Opponents to housing in Chapel Hill often say that they’re not against more housing, they’re just against a particular development or type of housing because of its location and/or because it won’t solve our affordable housing crisis. (This has, in practice, meant that they’ve largely and vocally been against every opportunity to add new housing […]
Low income residents need more market-rate apartments
As a graduate student, my income is below Chapel Hill’s median. I pay almost half my income to my landlord. I expect to be priced out of any new apartments in Chapel Hill under consideration in the Blue Hill District. To help cost-burdened tenants like me, I hope the Town Council continues to allow the development of dense new market-rate apartments in this area as quickly as possible.
An undergrad’s perspective on student neighbors in Chapel Hill
NextDoorers, please stop trying to make rent too expensive before you at least get to know your student neighbors. Yes, unknown Nextdoor users, drunk 19-year-olds are obnoxious. However, Chapel Hill is one of the most highly educated towns in the country, with 75% of residents holding at least a bachelor’s degree. So, there is a […]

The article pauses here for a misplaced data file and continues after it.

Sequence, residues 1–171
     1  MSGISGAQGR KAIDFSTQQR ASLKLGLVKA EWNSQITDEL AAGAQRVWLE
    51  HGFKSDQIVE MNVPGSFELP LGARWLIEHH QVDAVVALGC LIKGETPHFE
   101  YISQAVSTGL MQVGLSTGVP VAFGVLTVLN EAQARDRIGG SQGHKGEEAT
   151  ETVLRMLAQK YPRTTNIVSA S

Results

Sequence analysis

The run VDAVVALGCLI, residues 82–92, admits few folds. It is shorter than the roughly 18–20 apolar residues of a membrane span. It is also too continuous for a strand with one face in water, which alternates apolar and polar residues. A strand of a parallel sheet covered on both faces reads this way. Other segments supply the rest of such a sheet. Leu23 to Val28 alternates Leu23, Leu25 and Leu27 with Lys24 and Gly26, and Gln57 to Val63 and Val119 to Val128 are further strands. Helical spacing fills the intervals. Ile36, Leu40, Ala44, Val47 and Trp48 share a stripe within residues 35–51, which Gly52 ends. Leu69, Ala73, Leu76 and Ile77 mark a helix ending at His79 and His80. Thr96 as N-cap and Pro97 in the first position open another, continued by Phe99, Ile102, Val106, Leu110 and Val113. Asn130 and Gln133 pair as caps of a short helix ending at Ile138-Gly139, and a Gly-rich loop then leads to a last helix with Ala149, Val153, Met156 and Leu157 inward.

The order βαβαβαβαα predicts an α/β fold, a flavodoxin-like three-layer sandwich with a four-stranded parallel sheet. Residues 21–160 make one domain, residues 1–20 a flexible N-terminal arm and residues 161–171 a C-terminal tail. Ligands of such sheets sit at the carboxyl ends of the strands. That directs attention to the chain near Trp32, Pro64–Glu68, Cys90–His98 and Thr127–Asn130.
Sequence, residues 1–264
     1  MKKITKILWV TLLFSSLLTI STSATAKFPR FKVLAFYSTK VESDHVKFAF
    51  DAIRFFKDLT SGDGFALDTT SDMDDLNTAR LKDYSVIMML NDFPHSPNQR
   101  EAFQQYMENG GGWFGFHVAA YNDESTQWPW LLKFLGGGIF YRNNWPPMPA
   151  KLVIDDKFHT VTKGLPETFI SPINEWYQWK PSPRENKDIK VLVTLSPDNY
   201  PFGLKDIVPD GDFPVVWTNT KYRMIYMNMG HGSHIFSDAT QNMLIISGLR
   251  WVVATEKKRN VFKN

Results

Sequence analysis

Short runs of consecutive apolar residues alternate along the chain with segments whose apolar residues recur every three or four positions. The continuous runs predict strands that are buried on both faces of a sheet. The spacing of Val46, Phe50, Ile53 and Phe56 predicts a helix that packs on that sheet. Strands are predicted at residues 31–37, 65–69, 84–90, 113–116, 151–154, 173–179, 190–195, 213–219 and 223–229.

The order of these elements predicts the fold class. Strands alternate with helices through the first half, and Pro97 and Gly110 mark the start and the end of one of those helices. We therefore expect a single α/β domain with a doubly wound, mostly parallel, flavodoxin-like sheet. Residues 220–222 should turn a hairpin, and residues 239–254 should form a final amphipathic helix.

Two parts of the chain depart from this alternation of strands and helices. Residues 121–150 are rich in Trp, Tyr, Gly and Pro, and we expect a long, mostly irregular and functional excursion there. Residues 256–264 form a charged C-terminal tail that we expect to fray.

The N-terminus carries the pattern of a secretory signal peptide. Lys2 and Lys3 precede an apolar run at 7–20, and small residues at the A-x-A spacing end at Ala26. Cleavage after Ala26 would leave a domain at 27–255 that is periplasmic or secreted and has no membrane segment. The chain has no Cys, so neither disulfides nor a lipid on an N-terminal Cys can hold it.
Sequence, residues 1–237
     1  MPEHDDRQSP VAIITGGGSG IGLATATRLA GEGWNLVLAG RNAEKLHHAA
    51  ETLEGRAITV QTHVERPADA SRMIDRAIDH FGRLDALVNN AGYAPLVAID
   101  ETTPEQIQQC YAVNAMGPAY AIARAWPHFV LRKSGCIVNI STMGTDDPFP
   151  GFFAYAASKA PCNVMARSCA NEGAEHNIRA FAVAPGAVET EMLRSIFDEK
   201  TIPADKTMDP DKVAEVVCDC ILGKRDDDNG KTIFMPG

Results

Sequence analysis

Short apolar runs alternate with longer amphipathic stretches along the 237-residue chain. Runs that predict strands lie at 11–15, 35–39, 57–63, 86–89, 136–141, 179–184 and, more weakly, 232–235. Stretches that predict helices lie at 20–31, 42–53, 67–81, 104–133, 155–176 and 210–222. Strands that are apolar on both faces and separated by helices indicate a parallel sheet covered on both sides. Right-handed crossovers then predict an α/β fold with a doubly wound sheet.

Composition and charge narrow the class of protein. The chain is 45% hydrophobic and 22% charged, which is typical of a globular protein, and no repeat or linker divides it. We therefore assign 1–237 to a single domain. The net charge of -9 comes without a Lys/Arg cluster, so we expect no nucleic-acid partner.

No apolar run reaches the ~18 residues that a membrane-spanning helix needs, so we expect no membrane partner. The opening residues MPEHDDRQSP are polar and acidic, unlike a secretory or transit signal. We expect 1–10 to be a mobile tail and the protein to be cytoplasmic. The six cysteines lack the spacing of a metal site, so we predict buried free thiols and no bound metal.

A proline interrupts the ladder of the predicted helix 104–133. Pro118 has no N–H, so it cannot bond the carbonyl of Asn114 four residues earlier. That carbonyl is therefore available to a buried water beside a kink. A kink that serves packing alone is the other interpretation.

Chapel Hill, 1968: The Death of Elliott Woods?
By the 1960s, Chapel Hill had a reputation as a place with progressive values, with legislation like its open housing act underscoring the town’s standing as a liberal beacon in the South. But Brooks argued that at best, Chapel Hill was just like many other places and, at worst, especially problematic because of the hypocrisy of many of the town’s residents.
Explainer: LIHTCs in general and in Orange County
The federal low-income housing tax credit (LIHTC) is not well understood, but is responsible for more than $1 billion of new real estate activity in North Carolina each year. Currently the state has more than 1,200 properties containing 70,000 units in almost every county, yet odds are hardly anyone reading this post can name one. How did the […]
In-Chu Co and Missing Middle Housing: Chapel Hill’s Missing Middle Housing Battle in 1968
This week, we are publishing a five-part series looking back at Chapel Hill in 1968, and the lengthy and contentious battle to build duplexes and small apartments next to a church, and between a neighborhood of single-family homes and a shopping center.